Grower to Grower with Little Hill Cultivators

Grower to Grower with Little Hill Cultivators

The Real Dirt is known for interviewing some pretty great cannabis growers. But this episode isn’t really an interview.

Jeff from Little Hill Cultivators has been an almost regular guest on The Real Dirt, and one of our most reliable sources of insight into the current California cannabis industry. As a long time medical cultivator, Jeff transitioned into the recreational industry as well after legalization in California.

With any new legal cannabis industry there is bound to be some red tape, but California just about takes the cake, and wraps it up in red tape. Comparatively, Oklahoma has just about none.

Barriers to entry for cannabis growers

We can all agree that there needs to be some barriers to entry for cannabis growers in a legal industry. But each state varies on how many barriers they set up.

Oklahoma legalized medical cannabis in 2018, with sales taking off without a hitch in 2019, faster and with more growth than any other state. This is because they had almost no barriers to entry, and even made it easier for out of state cannabis growers to come in and get started.

Up until the end of August 2019, any potential cannabis entrepreneur could move to Oklahoma, live there for 30 days, get residency and pursue state licensing. Now (post August) anybody trying to enter the Oklahoma medical cannabis industry from out of state must live in-state for two years before getting residency.

California on the other hand restricted anybody from getting a recreational cannabis license that didn’t already have a medical cannabis license and operation. On top of that, the application fees were insanely high, with additional charges for obtaining the license after approval.

Talking grower to grower

Talking about growing cannabis with somebody who just started or even has been doing it for a few years is nothing like two veteran Northern California cannabis growers getting together. There’s no beating around the bush, just Chip and Jeff talking about each others’ grows, what they each do differently and why.

We all know some growers that think they got the best set up, grow the best ganja and won’t hear a word that says otherwise. It takes years of learning, seeing other grows and assessing your own problems that you can really sit down and talk, grower to grower.

And this episode is just part one.

Stay tuned for part two

In part two of Grower on Grower with Little Hill Cultivators, Chip and Jeff continue their conversation about California’s strict regulations, Oklahoma’s growing industry, drip irrigation, industry predictions and more.

Follow us on Instagram (@therealdirtpodcast) and Facebook (@therealdirt) to stay updated on the next episode’s release and get fun cannabis content in the meantime.

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The Future of Cannabis Trimmers with Cullen Raichart

The Future of Cannabis Trimmers with Cullen Raichart

The industry is expanding, and so is your grow. Sometimes you can’t hand trim it all.

It’s sort of a badge of honor to be worn in the cannabis community when you only trim your cannabis by hand. It shows you care enough about how your buds turn out that you are willing to take the extra time to go through each bud by hand to ensure quality.

Of course you can trim poorly and still get bud that doesn’t look great, but in most cases hand trimming produces the best looking final product.

But with more and more commercial grow operations popping up across the country, there is a growing need for commercial harvest solutions. And when a dozen sets of hands for trimming starts to add up, a machine cannabis trimmer becomes more enticing.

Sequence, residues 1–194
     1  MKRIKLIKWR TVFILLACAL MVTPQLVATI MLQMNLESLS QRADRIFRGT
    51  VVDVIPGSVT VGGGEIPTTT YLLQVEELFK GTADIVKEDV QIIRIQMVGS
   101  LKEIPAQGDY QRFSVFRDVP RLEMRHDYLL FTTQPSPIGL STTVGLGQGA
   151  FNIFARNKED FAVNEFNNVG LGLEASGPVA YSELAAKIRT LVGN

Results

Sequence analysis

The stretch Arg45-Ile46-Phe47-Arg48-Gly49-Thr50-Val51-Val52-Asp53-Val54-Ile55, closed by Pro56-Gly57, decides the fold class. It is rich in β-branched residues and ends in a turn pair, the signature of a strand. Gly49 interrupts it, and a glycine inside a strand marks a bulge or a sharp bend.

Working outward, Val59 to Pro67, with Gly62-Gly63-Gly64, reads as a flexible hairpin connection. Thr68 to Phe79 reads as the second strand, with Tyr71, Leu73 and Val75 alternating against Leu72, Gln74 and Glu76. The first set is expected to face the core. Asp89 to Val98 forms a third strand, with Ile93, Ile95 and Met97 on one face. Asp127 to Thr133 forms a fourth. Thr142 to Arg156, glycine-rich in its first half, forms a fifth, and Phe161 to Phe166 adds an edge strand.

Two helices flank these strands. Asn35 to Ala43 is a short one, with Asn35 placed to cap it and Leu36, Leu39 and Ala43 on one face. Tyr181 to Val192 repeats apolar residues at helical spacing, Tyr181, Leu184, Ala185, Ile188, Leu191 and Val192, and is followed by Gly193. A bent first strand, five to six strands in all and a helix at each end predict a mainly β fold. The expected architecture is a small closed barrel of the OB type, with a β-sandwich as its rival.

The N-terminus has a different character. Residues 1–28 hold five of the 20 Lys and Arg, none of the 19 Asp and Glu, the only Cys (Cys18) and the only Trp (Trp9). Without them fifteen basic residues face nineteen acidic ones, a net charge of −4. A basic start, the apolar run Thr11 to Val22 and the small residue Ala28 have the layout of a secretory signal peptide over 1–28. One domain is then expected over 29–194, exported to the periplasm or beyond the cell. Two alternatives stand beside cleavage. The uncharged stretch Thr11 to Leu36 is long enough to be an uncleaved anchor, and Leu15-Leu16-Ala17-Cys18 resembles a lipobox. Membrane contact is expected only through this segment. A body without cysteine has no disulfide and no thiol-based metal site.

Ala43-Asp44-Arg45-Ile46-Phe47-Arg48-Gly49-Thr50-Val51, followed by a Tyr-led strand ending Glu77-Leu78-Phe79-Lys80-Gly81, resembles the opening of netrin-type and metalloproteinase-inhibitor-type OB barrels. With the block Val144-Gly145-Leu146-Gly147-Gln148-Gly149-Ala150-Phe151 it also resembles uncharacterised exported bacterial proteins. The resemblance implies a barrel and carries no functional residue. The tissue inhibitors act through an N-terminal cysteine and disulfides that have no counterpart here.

Machine Cannabis Trimmers 

A big reason people tend to avoid machine cannabis trimmers is because they are just that, a machine. How can a machine have the same soft, gentle touch of human hands? How can they ensure the buds aren’t getting sliced to pieces from the metal blades in the trimmer?


The fact is, machine trimmers have come a long way since their inception, and you can now get a machine trimmed bud that looks just like a hand trimmed bud without damaging it or knocking off trichomes. And speaking of the inception of machine trimmers, Cullen Raichart is responsible for just that.

Cullen founded GreenBroz Inc, the first company to produce dry flower machine trimmers for the commercial cannabis market. What is so unique about GreenBroz is how they have designed their trimmers to be so gentle that they literally put their money where their mouth is to prove it.

Compared to other trimmers that tumble the buds around and beat them up to get the leaves off, GreenBroz’s design gently circulates the buds as they are lightly brushed to remove the dried crisp leaves from the service without harming the rest of the bud.

The Future of Automated Harvest Solutions

This week’s episode of The Real Dirt is a deep dive into the story of GreenBroz and Cullen, and where the future of harvest solutions is headed. As the industry continues to grow and expand, so does the acreage that cannabis takes up. More plants means more hands, or in some cases, just one machine cannabis trimmer.

Automation is a natural result of capitalism, and ignoring it won’t make it go away, as much as we would love to keep hand trimming forever. But that doesn’t mean a machine trimmer can’t be an extremely cost effective and impactful in your grow. It’s just your decision to make.

Roll some fo your freshly trimmed buds up and listen to this week’s episode of The Real Dirt right here (top of page) or on your favorite platform.

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Living Soil and Organic Inputs: Understanding Your Environmental Impact

Living Soil and Organic Inputs: Understanding Your Environmental Impact

Growing organically and in living soil might not be as environmentally friendly as you think.

Every grower should aim to grow organic cannabis at least once in their lifetime. It produces a cleaner, safer product for consumption, which means there will always be a demand for it, and it will always be a money maker for growers.

But what does it really mean to grow organic cannabis? 

Organic Inputs in Cannabis